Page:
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Agency Forms Undergoing Paperwork Reduction Act Review

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Information about this document as published in the Federal Register.

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This document has been published in the Federal Register. Use the PDF linked in the document sidebar for the official electronic format.

The Centers for Disease Control and Prevention (CDC) publishes a list of information collection requests under review by the Office of Management and Budget (OMB) in compliance with the Paperwork Reduction Act (44 U.S.C. Chapter 35). To request a copy of these requests, call the CDC Reports Clearance Officer at (404) 639-7570 or send an email to omb@cdc.gov. Send written comments to CDC Desk Officer, Office of Management and Budget, Washington, DC or by fax to (202) 395-5806. Written comments should be received within 30 days of this notice.

Proposed Project

National Adult Tobacco Survey (NATS)—Reinstatement with Changes—National Center for Chronic Disease Prevention and Health Promotion (NCCDPHP), Centers for Disease Control and Prevention (CDC) and the Center for Tobacco Products (CTP), Food and Drug Administration (FDA).

Background and Brief Description

Tobacco use remains the leading preventable cause of disease and death in the United States, resulting in approximately 440,000 deaths annually. Smokers die an average of 14 years earlier than nonsmokers. Moreover, cigarette smoking costs more than $193 billion; $97 billion in lost productivity plus $96 billion in health care expenditures.

With passage of the Family Smoking Prevention and Tobacco Control Act (Tobacco Control Act) in 2009, the FDA is legally mandated to regulate tobacco products for the protection of public health. Such authority involves considering whether the marketing of tobacco products might encourage people who don't use tobacco products to begin using them, to encourage people who might otherwise quit to continue using tobacco, or to encourage former users to relapse.

In order to ensure that FDA is in compliance with the Tobacco Control Act's mandate to protect the public health, annual data collection is needed at least initially to monitor the benefits and potential adverse consequences of FDA's regulatory actions, as the regulatory framework is being established. As novel tobacco products are introduced onto the market, the FDA must regularly monitor patterns of all tobacco product usage—not just cigarettes—to identify changes in susceptibility and rates of tobacco use initiation, perceptions regarding tobacco use, and rates of tobacco use cessation.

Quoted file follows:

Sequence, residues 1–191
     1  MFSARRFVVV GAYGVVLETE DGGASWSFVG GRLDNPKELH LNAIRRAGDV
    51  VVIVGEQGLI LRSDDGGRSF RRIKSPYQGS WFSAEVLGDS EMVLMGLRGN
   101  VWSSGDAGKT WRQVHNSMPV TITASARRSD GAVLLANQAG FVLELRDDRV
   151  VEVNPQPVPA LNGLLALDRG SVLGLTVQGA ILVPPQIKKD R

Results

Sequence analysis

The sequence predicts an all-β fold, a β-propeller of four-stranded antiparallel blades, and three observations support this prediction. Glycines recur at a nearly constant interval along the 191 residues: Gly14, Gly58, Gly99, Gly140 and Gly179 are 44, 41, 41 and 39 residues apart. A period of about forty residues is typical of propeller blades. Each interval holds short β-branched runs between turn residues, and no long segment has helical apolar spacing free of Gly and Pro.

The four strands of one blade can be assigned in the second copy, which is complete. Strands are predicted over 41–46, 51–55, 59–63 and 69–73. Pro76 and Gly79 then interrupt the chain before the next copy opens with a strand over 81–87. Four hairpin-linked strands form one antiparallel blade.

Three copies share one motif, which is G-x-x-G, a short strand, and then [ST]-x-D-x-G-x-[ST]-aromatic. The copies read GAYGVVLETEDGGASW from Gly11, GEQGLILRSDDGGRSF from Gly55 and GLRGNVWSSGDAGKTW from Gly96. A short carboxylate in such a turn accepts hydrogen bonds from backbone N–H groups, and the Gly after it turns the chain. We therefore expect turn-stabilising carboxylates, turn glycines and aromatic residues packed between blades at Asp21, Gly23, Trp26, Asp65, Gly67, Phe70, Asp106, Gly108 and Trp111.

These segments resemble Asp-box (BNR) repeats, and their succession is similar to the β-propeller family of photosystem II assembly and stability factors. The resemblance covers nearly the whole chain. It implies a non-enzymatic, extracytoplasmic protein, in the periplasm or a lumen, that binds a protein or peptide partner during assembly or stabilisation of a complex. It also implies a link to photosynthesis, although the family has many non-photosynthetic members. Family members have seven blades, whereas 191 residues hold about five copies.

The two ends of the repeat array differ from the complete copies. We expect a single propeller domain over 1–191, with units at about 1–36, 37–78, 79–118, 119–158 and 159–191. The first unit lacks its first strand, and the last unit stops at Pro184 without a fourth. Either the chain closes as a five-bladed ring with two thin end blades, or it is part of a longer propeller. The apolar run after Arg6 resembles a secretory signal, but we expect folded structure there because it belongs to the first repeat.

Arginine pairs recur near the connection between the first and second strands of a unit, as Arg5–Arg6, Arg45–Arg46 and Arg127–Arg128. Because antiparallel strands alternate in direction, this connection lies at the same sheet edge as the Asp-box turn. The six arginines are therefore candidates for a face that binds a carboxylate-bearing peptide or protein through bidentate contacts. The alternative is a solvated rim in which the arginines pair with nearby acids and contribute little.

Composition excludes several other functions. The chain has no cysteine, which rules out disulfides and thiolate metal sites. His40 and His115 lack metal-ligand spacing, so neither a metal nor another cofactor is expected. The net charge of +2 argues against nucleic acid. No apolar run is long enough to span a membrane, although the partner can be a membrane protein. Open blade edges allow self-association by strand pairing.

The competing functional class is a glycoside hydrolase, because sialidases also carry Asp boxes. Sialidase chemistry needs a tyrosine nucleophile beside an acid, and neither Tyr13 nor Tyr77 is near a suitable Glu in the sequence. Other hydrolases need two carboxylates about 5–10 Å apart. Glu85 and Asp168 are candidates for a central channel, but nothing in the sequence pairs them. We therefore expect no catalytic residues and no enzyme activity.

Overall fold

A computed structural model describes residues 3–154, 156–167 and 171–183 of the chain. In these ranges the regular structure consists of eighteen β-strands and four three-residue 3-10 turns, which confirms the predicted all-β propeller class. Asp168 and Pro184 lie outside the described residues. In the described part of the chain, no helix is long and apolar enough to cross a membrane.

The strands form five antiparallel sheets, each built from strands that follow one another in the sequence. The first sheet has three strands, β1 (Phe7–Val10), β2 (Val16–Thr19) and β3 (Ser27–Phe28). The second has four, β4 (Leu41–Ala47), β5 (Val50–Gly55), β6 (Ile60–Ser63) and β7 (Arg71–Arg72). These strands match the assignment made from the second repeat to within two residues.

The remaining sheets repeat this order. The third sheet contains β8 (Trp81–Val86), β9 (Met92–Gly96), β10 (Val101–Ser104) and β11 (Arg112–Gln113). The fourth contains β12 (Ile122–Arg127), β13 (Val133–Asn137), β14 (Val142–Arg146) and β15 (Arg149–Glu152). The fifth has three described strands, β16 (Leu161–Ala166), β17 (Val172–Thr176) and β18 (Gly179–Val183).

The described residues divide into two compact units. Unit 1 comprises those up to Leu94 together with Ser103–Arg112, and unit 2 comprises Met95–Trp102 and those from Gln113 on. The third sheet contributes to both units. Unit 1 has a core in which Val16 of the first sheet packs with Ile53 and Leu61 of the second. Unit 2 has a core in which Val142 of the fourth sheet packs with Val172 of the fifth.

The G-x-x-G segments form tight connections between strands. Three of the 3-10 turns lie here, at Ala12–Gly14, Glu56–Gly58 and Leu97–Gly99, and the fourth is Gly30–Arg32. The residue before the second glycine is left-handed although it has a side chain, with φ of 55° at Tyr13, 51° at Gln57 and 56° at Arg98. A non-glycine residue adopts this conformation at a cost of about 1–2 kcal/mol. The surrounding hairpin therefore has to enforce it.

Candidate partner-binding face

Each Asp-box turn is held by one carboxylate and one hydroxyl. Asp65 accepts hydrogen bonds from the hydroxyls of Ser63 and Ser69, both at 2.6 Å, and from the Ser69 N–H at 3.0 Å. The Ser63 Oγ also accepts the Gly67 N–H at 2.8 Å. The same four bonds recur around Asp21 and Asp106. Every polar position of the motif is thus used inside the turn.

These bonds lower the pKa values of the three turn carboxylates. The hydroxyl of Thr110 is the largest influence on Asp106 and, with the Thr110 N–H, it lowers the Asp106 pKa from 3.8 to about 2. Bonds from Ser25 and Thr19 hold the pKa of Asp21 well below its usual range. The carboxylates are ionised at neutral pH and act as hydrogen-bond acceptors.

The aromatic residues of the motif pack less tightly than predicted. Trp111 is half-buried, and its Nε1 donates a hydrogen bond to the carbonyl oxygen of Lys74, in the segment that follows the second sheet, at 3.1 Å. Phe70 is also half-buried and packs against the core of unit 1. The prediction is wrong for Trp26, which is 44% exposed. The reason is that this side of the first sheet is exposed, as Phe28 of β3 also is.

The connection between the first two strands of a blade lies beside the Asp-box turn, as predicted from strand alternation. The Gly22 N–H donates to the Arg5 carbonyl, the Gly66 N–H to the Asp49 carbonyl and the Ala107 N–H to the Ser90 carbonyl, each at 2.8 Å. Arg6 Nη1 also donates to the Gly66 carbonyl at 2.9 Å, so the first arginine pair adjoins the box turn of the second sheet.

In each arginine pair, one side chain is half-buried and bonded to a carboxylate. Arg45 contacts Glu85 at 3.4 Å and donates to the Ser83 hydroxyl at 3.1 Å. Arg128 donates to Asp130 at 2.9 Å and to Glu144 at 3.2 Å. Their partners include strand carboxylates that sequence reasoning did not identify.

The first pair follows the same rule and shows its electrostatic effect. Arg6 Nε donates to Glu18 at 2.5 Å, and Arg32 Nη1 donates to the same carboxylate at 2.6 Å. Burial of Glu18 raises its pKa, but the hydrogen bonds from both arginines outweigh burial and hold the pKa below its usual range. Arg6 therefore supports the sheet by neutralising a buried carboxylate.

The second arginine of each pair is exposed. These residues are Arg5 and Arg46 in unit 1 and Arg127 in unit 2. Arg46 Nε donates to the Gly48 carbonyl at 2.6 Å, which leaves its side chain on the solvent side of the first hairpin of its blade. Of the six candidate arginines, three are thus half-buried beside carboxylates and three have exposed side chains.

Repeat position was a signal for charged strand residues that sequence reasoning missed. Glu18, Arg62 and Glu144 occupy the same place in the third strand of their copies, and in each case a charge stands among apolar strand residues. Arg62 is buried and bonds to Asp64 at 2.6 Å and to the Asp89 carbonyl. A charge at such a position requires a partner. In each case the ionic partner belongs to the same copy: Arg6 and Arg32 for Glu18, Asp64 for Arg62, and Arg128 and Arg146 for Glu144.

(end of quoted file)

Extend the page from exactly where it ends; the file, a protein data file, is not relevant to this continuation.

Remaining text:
Rather than develop a completely new system to monitor measures critical to FDA, and thereby increasing burden to the population, FDA has partnered with CDC to leverage the existing NATS system. While NATS has been re-designed to meet the critical data needs of the FDA, many of the measures are relevant to CDC's National Tobacco Control Program (NTCP), and CDC also will use the NATS data to evaluate the NTCP. Many of the NATS questions reflect CDC's key outcome indicators for evaluating tobacco control programs.

CDC proposes to conduct three annual cycles of the NATS to collect data necessary to evaluate the effectiveness of FDA's initial regulatory actions. The NATS will be a stratified, random-digit dialed telephone survey of non-institutionalized adults 18 years of age and older. To yield results that are representative nationally, information will be collected from 56,250 landline respondents and 18,750 cell phone respondents who do not have a landline to include the growing population of households that exclusively use cell phones and would be missed in a survey relying only on land-lines. To obtain the target number of completed telephone interviews, approximately 166,000 respondents will be contacted for initial eligibility screening and consent.

The burden per response for the proposed NATS remains the same by design as the 2009/2010 NATS. However, the number of respondents is smaller because the current NATS seeks to develop national estimates, whereas the 2009/2010 NATS sought to develop state-level estimates. Therefore, the total respondent burden for the new NATS cycle is substantially lower than the prior NATS. The 2009/2010 NATS involved a total respondent burden of 38,303 hours. The revised 2012/2013 NATS involves a total respondent burden of 29,850 hours, which amounts to 8,453 fewer hours, or 22.1% fewer hours, than the 2009/2010 NATS.

Results will have significant implications for the development and periodic adjustment of policies and programs aimed at preventing and reducing tobacco use in the United States.

Participation in the NATS is voluntary. There are no costs to respondents except their time. The total estimated annualized burden hours are 29,850.

Estimated Annualized Burden Hours

Type of respondentForm nameNumber of respondentsNumber of responses per respondentAverage burden per response (in hours)
Adults ages 18 or olderScreener for land-line users (pp. 3-8 of the NATS)125,00012/60
Screener for cell phone users (pp. 9-11 of the NATS)41,00011/60
National Adult Tobacco Survey for landline users (pp. 12-end of the NATS)56,250120/60
National Adult Tobacco Survey for cell phone users (pp. 12-end of the NATS)18,750120/60

Kimberly S. Lane,

Deputy Director, Office of Scientific Integrity, Office of the Associate Director for Science, Office of the Director, Centers for Disease Control and Prevention.

[FR Doc. 2012-11096 Filed 5-7-12; 8:45 am]

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